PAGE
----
“You cannot read this on the data because no data shows this kind of thing. It’s the same when the rider shuts the throttle too fast – you try to explain to him that if you roll the throttle earlier you change the dynamic of the bike, which is something he feels, but it’s not something we can read on the data.

“Sometimes we suggest to Sam to roll the throttle and brake a bit earlier. On a good day he’ll brake five metres earlier, go through the corner a bit faster and by the exit he’s one tenth faster. It’s always the small things. But it’s not easy for a rider to step back to go faster, because they all want to try harder.

“The nature of each track is another thing that makes the difference between the top riders and the others. Some riders take a long time to understand where the grip is, while others immediately understand: ‘OK, the grip isn’t there but that’s all we’ve got,’ so they adapt to the situation and instead of pushing too hard they brake a little less and maybe carry more corner speed, then their corner exits are better too.

“In Moto2 we cannot play with gearbox ratios, unlike Moto3 and MotoGP, which also makes a difference between the riders, who have to cope with this. Maybe in one corner they are between two gears, so the gear is longer than they want, so they don’t feel good, because they can’t feel the engine so well, but otherwise they will spin the tyre too much. Moto2 is a class in which the rider needs to adapt to the bike more than in Moto3.”


More than two thirds of the Moto2 grid uses this package: Kalex chassis and Öhlins suspension

Petronas SRT

There is no one way to ride a Moto2 bike – smooth or ragged can win the day.

“Sometimes you need to ride the bike like Jorge Lorenzo,” adds Bigot. “But then we see Remy Gardner spinning and sliding the rear and going very fast, a bit like Brad Binder in the past. And then we have Raul Fernandez who is quite smooth and is able to get the best out of the bike with good lines.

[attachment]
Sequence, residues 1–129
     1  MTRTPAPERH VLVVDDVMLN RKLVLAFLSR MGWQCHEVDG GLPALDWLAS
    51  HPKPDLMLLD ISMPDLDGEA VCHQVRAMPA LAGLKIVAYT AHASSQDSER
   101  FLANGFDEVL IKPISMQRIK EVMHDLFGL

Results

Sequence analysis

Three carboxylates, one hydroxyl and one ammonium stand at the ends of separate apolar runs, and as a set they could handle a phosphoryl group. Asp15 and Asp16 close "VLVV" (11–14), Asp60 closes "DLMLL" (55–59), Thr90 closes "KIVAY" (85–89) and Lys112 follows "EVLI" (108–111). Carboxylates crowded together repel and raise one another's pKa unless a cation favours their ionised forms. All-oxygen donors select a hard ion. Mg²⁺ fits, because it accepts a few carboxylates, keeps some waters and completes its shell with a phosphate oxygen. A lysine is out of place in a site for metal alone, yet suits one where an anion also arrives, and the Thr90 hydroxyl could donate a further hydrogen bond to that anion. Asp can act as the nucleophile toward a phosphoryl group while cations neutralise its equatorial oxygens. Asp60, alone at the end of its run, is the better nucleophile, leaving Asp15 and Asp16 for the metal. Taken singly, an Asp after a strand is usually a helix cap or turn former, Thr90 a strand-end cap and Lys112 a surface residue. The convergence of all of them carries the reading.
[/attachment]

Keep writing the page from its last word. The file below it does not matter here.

“Sam’s team-mate Augusto Fernandez was struggling quite a lot, then recently he found a set-up that allows him to go fast. Sam’s bike is pretty much a standard Kalex set-up – we just play with the balance of the bike and springs – but Augusto did something very specific to get the confidence to be able to go fast. Augusto has a lot of speed when the set-up is right, but as soon as he’s out of that window he struggles, so Moto2 is down to the rider who can adapt.

“It’s all down to rider feel. We see that in MotoGP with Maverick Viñales – the rider’s emotions are the key. If your rider is a bit stressed and he’s not able to calm down then he will struggle all weekend.”

This is why it’s both the rider and the team that make the difference in Moto2.

The rider who is able to adapt to what he’s got and ride around problems will be faster. At the same time the team that supports the rider in the best way and knows how to get the most out of the bike can make a huge difference. At the moment that means Red Bull KTM Ajo, Sky VR46 and Marc VDS.

This is the irony of Moto2 – when the technology is so close the tiny differences are amplified by talented riders and engineers, so the differences in race times are related to better personnel rather than better material.